Arthur Penn’s 1975 movie Night Moves sits snugly alongside two other films made about the same time – Polanski’s Chinatown (which went into production in the same month in 1973) and Altman’s The Long Goodbye, which had opened earlier that year. All three are neo-noirs recalling the era of Raymond Chandler, Sam Spade and Humphrey Bogart.
Of the bunch only Chinatown was a proper box office and critical hit, and even then some critics were a bit sniffy (the New York Times didn’t go a bundle). Since then, The Long Goodbye has been rerated upwards to join Chinatown in the pantheon, and now it looks as Night Moves is also in the process of being re-appraised (though Roger Ebert wasn’t alone in praising it to the skies on its release).
In terms of plot and character there really isn’t much to see here, or nothing new at any rate. Gene Hackman plays Harry Moseby, a jaded private detective hunting for the missing teenage daughter of a retired Hollywood actress. It’s precisely the sort of case that Philip Marlowe might have taken, back in the 1940s. And in many ways Harry is the successor of Marlowe’s white-knight good guy walking the mean streets described by Raymond Chandler.
The client slots right into the groove too, being a boozy floozy more interested in bedding men than having her daughter found. As to the daughter, she’s jailbait and Harry’s method of tracking her down is to work his way backwards through the men who have taken advantage of this 16-year-old who has inherited, Harry notes, her mother’s once-great tits.
Not much to see here, maybe, but with about 30 minutes of running time still to go – case solved, girl heading home with Harry – the plot dives off up an unexpected avenue and suddenly this downbeat noir is exploding with stunts, gunplay, on-screen death and a spectacular bit of action. Almost as if director Arthur Penn were aiming to recreate the effect of his biggest hit to date, Bonnie and Clyde, and its bullet-riddled down-curtain.
But even with the maxed-out ending, this is a film that’s not setting out to wow us with its plot. It’s more of a mood thing, one established completely the moment Gene Hackman’s Moseby first appears, a former football pro turned old-school PI with charm, a smart mouth and woman trouble.
Penn gives us atmosphere, thick and warm and a bit dog-eared – the office that’s seen better days, the ageing starlet ditto, the beat-up car Harry drives – especially once the action shifts down to Florida, where the missing Delly is hanging out with her stepdad and his woman Paula (Jennifer Warren), who catches Harry’s eye.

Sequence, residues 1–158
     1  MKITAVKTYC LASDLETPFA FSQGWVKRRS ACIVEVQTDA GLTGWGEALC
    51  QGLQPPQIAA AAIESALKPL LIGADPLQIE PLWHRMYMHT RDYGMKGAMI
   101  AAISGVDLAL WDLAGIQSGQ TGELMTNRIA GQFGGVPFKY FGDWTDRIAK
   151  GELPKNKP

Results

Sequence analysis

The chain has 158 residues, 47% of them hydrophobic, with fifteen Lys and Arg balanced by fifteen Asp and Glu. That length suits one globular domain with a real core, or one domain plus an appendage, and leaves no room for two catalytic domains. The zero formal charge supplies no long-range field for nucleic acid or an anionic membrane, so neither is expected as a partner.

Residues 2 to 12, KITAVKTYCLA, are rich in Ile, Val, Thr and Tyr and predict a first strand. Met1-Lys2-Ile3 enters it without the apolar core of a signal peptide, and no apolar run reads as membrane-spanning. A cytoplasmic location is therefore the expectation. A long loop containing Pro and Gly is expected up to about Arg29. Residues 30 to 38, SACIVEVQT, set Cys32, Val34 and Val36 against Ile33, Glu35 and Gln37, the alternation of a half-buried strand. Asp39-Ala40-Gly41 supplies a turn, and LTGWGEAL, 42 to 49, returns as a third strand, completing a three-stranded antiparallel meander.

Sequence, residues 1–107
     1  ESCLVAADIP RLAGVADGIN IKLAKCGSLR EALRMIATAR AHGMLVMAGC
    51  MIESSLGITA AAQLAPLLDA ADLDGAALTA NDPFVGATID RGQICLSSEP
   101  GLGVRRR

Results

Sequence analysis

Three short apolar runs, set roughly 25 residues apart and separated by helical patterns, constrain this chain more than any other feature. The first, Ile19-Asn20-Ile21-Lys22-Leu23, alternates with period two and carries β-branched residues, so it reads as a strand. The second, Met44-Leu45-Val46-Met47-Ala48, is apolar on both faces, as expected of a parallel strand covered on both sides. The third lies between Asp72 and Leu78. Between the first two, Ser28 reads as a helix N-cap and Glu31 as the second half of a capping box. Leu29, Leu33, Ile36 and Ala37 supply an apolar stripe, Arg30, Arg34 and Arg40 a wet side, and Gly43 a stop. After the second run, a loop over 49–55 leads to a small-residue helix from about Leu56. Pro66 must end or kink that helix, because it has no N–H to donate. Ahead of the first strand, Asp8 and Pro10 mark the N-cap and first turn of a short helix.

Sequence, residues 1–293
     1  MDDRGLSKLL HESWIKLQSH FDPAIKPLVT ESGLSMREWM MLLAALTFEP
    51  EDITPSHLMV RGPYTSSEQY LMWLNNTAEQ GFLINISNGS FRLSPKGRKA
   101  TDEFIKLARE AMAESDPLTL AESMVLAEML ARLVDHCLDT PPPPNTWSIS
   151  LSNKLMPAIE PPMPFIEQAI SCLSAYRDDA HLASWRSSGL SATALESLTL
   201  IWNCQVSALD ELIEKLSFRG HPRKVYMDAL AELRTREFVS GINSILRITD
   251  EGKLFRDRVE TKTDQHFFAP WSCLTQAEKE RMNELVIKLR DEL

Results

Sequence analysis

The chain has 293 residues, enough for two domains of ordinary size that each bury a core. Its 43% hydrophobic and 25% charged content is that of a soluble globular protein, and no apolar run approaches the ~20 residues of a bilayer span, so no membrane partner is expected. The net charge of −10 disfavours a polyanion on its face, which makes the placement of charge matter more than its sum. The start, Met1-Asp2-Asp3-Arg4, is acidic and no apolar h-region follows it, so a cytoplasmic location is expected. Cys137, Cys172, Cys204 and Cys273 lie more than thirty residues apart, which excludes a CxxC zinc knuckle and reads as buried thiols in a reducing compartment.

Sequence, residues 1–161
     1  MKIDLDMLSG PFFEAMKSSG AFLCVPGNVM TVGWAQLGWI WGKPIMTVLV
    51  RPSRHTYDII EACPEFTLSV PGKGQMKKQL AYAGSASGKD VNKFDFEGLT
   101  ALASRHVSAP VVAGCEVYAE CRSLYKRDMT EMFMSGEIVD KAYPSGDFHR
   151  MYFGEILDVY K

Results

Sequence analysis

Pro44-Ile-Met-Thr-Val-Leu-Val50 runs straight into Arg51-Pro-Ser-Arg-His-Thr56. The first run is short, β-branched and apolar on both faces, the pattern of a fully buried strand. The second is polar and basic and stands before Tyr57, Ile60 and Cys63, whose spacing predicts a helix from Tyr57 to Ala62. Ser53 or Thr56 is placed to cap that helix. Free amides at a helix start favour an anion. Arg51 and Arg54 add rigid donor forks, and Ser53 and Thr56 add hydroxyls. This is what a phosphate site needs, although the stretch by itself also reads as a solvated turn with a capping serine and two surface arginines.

The casting is an interesting mix of people who act well and ones who don’t. Warren struggles, so does Janet Ward as the missing girl’s mother (but then she is meant to be playing an actress who was never much good). Edward Binns, as something in the movie biz, also struggles to create a credible character. Maybe it’s Alan Sharp’s screenplay. Maybe it’s the ever-present comparisons to Raymond Chandler.
There is a young James Woods as a wiry, spiky mechanic who’s one of Delly’s conquests. And a very young Melanie Griffith, in her first screen role, as cockteasing Delly, a girl permanently eager to show the world what she’s got. Griffith was 16 when the film was made and production was paused so she could grow up a bit (legal reasons, I’m guessing). The nude scenes that dot Night Moves were shot right before it was released, over a year after the rest of it.
The title, incidentally, is a play on Knight Moves, a reference to a 1922 chess game famous for the play that the loser didn’t make and which would have won him the game. Here’s how it should have gone, Harry shows Paula at one point, and then shows her again, reinforcing the point. That’s the mood of this film – one of disappointment, the unhappy ending. Anyone fancy a bit of psychological read-across to post-Watergate America?
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© Steve Morrissey 2022